12 Ways to Improve Your Mental Fitness

  • Written By:Dr. Uma Naidoo, MD
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Referring to mental health care as mental fitness is a powerful mindset shift.

by Dr. Uma Naidoo, MD. Harvard-trained Nutritional Psychiatrist, professional chef, nutrition specialist and author of “This is Your Brain on Food.”

Spring is a time for rebirth. A time for deep cleaning, for resetting, and, in my case as a nutritional psychiatrist, for boosting your mental fitness. After more than a year confirming the importance of mental and physical health and how intimately connected they are, it seemed only natural to start using a better name for our mental health care. Something a little bit more tangible, more actionable: “fitness.”

Referring to mental health care as mental fitness is a powerful mindset shift, it leaves us in a proactive state and gives you the autonomy and control with the personal power to improve. As you would build up muscle through strength training, your brain is a muscle too! Train for your mental fitness as you would your physical fitness, so this implies a regular workout routine, along with daily habits to train your brain and improve your mental wellbeing.

As with any other muscle, what you practice for your brain also grows stronger. Even if you feel ‘just fine’ or if your anxiety levels are improving with the nicer weather, with mental fitness you should still feel encouraged to keep up with strengthening your emotional muscles. After all, you don’t just stop exercising or jogging after you build up some strength. Right? You continue to improve. It becomes a journey, and part of your lifestyle, a consistent habit. Here are 12 ways to improve your mental fitness:

1. Silence

As the world gets noisier... is silence the new mental health luxury? Studies suggest that periods of silence could encourage the development of brain cells and promote physical and mental health, while noise has the opposite effect. Who's In For Some Intermittent Silence? It’s hard for some of us to join a silence retreat but I encourage you to try what I call Intermittent Silence, 10-minute breaks during the day in silence. My non-negotiable moment of silence? My sun salutation meditation.

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2. Spring Clean Your Kitchen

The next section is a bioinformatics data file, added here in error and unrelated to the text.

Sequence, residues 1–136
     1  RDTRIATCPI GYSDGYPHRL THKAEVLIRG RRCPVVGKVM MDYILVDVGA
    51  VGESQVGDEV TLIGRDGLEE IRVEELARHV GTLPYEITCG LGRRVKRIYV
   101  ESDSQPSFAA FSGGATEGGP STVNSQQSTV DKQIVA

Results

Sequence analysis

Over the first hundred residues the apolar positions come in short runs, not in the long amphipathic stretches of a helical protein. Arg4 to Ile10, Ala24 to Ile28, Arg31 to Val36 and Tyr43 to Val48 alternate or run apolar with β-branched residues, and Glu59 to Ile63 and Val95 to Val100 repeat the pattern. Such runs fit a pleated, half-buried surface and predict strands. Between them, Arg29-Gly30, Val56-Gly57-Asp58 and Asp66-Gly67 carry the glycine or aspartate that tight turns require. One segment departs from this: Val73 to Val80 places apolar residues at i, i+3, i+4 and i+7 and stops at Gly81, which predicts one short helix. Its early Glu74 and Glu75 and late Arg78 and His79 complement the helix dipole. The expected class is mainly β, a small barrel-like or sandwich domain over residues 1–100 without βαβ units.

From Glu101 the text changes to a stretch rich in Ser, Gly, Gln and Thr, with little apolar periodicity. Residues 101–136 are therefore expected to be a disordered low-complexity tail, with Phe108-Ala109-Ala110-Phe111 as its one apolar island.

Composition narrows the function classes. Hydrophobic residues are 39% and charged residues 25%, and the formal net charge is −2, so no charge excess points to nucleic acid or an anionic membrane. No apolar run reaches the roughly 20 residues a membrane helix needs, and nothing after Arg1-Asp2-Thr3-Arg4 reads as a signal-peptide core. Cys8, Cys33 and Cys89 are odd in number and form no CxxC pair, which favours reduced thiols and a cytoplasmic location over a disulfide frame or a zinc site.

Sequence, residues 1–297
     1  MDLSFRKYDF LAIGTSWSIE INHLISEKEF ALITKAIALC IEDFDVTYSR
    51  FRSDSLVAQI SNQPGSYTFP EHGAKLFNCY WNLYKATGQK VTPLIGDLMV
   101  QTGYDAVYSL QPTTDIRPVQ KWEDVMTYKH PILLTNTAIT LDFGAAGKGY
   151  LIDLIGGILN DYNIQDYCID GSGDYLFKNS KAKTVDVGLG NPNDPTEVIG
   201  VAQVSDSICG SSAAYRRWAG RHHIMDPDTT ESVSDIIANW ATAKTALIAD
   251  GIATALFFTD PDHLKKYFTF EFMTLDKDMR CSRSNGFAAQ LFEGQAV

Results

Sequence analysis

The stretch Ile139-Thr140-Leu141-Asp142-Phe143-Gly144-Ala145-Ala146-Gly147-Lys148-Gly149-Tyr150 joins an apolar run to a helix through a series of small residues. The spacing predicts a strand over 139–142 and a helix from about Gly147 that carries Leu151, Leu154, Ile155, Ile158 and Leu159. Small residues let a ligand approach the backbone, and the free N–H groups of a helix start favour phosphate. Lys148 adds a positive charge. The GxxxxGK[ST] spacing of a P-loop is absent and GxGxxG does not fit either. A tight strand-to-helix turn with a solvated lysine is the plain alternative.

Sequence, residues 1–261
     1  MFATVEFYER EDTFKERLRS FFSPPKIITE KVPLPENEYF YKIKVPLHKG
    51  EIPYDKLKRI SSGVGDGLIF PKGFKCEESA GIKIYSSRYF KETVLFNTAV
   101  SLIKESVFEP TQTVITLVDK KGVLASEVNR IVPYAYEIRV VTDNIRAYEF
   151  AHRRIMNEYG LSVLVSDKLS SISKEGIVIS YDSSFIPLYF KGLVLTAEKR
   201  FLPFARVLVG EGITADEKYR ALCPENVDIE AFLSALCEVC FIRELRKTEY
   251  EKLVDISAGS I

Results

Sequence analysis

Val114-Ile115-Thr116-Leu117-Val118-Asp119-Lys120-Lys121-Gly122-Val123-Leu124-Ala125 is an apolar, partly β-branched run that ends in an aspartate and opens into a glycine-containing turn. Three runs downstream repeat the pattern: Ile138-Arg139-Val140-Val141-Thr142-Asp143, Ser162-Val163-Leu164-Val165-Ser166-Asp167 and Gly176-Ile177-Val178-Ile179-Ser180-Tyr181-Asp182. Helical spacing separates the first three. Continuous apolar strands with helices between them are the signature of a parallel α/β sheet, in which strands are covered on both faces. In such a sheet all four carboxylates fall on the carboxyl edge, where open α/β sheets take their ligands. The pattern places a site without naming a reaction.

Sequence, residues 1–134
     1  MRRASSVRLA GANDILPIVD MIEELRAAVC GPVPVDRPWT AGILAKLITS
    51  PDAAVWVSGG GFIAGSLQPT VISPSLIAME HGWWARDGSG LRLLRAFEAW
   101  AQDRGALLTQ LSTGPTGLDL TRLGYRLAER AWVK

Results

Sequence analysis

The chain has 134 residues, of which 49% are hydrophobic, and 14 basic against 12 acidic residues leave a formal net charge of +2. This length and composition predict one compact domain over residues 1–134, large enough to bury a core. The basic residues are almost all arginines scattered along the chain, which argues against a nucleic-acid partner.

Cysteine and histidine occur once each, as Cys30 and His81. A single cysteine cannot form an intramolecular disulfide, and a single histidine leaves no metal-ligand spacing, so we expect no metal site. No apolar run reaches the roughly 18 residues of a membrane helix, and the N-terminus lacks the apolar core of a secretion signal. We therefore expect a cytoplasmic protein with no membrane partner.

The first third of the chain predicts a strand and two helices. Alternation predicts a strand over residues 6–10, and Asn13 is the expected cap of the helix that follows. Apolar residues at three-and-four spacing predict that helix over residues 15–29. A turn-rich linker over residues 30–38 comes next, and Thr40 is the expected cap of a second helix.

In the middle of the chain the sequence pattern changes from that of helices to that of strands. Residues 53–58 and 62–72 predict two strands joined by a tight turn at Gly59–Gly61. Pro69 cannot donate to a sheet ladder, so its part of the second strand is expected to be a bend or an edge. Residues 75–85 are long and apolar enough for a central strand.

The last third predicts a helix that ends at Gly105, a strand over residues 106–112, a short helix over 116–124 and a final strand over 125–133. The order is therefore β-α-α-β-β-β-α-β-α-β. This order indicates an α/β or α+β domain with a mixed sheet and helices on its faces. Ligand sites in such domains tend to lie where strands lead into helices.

Clean up your fridge and pantry of highly processed foods, refined carbohydrates, processed ‘vegetable’ oils, added sugars, processed meats and artificial sweeteners. It’s hard to say no to Doritos and Snickers if you have them at arm's reach. Aside from being highly addictive, these foods are also detrimental to mood and overall mental health. Instead fill up your fridge with fresh vegetables and fruits, and your pantry with nuts, seeds, lentils and legumes. These foods bring the desired nutrient fiber to your gut microbes and help them thrive.

3. Trigger Creativity!

We are all creative, it’s not a treat exclusive to painters or singers. We all have that spark. Trigger it by living creatively, cook new vegetables, try other cuisines, use a new spice, hear new music, talk with a stranger (physically distanced, of course), read a different book, paint or sketch (even if you’re very bad at it), bake, play a new game.

4. Try Mindful Eating

In this busy world even if you are working from home, some days I am hopping on a different virtual platform every hour - often missing the zoom link, and reaching out to my team in panic. I’ve had to stop, take a breath, and realize that I had to schedule lunch into my day or else I’d forget to eat. Once I got lunch back(!), I decided to stop, spend at least 15 minutes savoring my food, ignoring the buzzing and beeping of my devices by leaving them at my desk. I had to really work on this to bring back mindful eating as it’s such a cornerstone of self care. Mindful eating was researched in diabetes and found that training in mindful eating and diabetes self-management helped improve dietary intake, modest weight loss, and glycemic control.